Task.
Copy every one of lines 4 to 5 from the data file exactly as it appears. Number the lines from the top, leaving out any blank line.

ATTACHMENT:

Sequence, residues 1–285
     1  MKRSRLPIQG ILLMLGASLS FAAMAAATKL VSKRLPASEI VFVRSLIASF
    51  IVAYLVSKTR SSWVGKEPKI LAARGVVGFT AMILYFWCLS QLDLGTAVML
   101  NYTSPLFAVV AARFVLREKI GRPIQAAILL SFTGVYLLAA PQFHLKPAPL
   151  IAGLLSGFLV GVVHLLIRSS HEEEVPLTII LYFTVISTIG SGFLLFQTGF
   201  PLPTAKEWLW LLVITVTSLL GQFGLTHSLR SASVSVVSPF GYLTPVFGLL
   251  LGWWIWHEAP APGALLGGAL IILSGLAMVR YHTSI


   101  NYTSPLFAVV AARFVLREKI GRPIQAAILL SFTGVYLLAA PQFHLKPAPL
   151  IAGLLSGFLV GVVHLLIRSS HEEEVPLTII LYFTVISTIG SGFLLFQTGF